Precautionary warning on plant produced oxalates


Oxalates? Better safe than sorry

Oxalates - definition

An oxalate is a chemical compound that contains the oxalate ion (C2O4^2-). It is formed when oxalic acid, naturally occurring in plants, reacts with a metal element like calcium (or natrium etc.), forming insoluble crystals known as oxalates.

Calcium oxalate crystals appearance

They form either octahedral (tetragonal) or filamentous (monoclinic) needle-sharp transparent microscopic (5-100μm) crystals sometimes aggregating into bundles, s.c. raphids.

When do calcium oxalate crystals form?

Calcium oxalate crystals can form in various situations, including:

1. Kidney Stones:

In animals (including humans), high levels of oxalates in the urine can combine with calcium to form crystals that can accumulate and grow into kidney stones, causing pain and blockages in the urinary tract.

2. Plant Tissues: Oxalates are also found in plant tissues, particularly in certain parts like leaves, stems, and roots, acting as a defense mechanism against herbivores by forming sharp crystals that can deter or injure animals that try to eat them.

3. Food: Some foods containing oxalate-rich plants, can promote the formation of crystals

How oxalates may harm:

1. Biochemistry: calcium. Formation of calcium oxalate. High levels of oxalates can bind with calcium, forming insoluble crystals that can hinder calcium absorption, leading to MBD, hypocalcemia, weak nails, weak egg shells and bones, weak offspring, defects in neurotransmitter release and muscle contractions, relaxation of heart muscle, inhibition of the calcium pump, cardiac arrest, seizures.

2. Biochemistry: enzymes. The calcium oxalate cause the proteolytic enzymes to trigger the release of potent kinnins (in some cases, causing edema) and histamines.

3. Mechanical constraints - Kidneys: Calcium oxalate crystals can accumulate in the kidneys, leading to the formation of kidney stones, causing pain, urinary tract blockage, and potential renal failure.

4. Mechanical constraints - oral cavity, digestive tract: sharp oxalate crystals can irritate the soft tissues in oral cavity and digestive tract, or can even penetrate internal organs, cause swellings, pain, discomfort, stress, micro injuries that can get attacked by bacteria and cause inflammations, abscesses, mouth-rot, abscesses etc.

1. Mechanical constraints - skin and eyes: oxalate crystals contained in high concentration in some plants like Hedera (poison ivy) or Dieffenbachia (dumb cane) can cause skin irritations even when touched or rubbed. They can cause hard to heal eye irritations which are not diagnosable, or they can penetrate the skin, especially of soles and cause skin irritations, swellings, micro traumatic inflammations to non healable skin lesions.

Important notes:

1. It's important to note that not always and not all oxalates form crystals, their formation is dependent on factors like concentration, presence of calcium or other minerals, and the pH.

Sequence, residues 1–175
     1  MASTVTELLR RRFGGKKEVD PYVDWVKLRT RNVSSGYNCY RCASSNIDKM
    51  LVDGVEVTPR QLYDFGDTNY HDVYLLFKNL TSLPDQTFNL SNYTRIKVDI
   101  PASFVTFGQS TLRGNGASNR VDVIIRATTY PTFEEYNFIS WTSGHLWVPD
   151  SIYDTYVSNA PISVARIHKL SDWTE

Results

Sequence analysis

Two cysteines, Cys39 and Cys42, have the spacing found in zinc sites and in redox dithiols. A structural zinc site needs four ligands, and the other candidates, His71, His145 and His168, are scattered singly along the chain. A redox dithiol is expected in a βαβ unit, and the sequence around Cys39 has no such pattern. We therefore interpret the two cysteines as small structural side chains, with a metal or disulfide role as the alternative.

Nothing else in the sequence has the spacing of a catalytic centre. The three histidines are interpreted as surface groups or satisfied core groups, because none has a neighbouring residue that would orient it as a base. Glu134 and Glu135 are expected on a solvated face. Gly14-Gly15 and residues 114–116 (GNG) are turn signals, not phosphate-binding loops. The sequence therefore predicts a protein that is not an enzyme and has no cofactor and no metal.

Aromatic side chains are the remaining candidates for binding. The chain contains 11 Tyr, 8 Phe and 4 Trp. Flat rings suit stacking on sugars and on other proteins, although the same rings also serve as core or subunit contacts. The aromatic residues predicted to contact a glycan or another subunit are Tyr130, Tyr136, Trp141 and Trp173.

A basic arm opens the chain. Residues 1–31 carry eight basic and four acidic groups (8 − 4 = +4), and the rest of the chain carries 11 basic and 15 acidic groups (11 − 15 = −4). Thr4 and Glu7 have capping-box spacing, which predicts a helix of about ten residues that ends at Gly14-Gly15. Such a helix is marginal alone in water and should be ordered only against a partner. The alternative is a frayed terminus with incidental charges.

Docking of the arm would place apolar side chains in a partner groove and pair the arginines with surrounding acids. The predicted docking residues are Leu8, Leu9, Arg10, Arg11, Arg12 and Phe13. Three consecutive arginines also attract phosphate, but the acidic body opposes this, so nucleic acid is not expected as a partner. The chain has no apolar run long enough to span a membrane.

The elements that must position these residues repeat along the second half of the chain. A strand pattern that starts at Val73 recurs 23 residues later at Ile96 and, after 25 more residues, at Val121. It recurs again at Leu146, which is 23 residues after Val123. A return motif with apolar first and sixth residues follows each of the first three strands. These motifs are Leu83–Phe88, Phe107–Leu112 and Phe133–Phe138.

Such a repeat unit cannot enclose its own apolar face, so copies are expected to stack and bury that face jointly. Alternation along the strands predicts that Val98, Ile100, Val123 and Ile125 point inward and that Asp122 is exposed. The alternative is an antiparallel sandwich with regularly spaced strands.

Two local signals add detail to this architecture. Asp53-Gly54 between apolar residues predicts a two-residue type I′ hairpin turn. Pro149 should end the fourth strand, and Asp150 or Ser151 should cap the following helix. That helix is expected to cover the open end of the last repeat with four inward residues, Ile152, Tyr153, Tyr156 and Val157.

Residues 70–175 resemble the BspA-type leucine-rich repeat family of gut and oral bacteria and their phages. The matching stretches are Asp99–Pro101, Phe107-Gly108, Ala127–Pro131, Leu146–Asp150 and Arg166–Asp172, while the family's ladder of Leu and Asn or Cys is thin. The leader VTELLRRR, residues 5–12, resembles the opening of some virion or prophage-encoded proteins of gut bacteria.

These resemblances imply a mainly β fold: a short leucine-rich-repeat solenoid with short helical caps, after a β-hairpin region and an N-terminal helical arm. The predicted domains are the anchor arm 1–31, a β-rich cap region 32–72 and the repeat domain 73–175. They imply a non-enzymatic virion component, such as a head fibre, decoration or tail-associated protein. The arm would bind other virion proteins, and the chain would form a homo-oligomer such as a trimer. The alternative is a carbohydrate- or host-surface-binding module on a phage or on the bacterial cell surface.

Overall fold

2. Oxalates are known to have an influence on mammals and also reptiles (less studied), particularly in their diet. Different reptile species may have varying tolerances to oxalates: some reptiles, like tortoises and iguanas, have evolved to process and eliminate oxalates more efficiently than others.

3. Oxalates and their effects on chameleons specifically have not been studied rigorously yet. Obviously, they make profit of the general higher tolerance to oxalates of reptiles if compared to mammals. The contradictions are unresolved: at one side, oxalates are suspect to cause renal failures and calcium metabolism failures as well as deaths of chameleon babies if exposed to them, on the other side, the longevity records of Chamaeleo calyptratus recorded were associated with oxalates-rich plants eaten by them on a regular basis,

4. Moreover they were reported to munch in the wild on Sansevieria too.

Therefore: better (super)safe than sorry - better prevent any contact of the chameleons with the dangerous plants full of oxalates

Measures to be taken:

1. Never feed chameleons with ANY plant matter

2. Never gutload insects with oxalate-rich plants

3. Dispose any oxalate-rich plants from the cage to exclude the possibility that feeders feed on them and are afterwards eaten by the chameleons

4. Dispose any oxalate rich plant from the cage to exclude any poisoning of chameleons, be it incidental ingestion or touching

Plants ad 1&2


Beet greens



Navy bean







Plants ad 1,2,3&4

Calla Lily (Zantedeschia aethiopica)

Devil's Ivy (Epipremnum aureum)

Poison Ivy (Toxicodendron sp.)

Common ivy (Hedera helix)

Dumb Cane (Dieffenbachia sp.)

Elephant's Ear (Colocasia sp., Caladium sp.)

Jack-in-the-Pulpit (Arisaema triphyllum)

Mother-in-Law's Tongue (Sansevieria sp.)

Heartleaf (Philodendron sp.)

Peace Lily (Spathiphyllum sp.)

Inch plant (Tradescantia sp.)

Author: Petr Nečas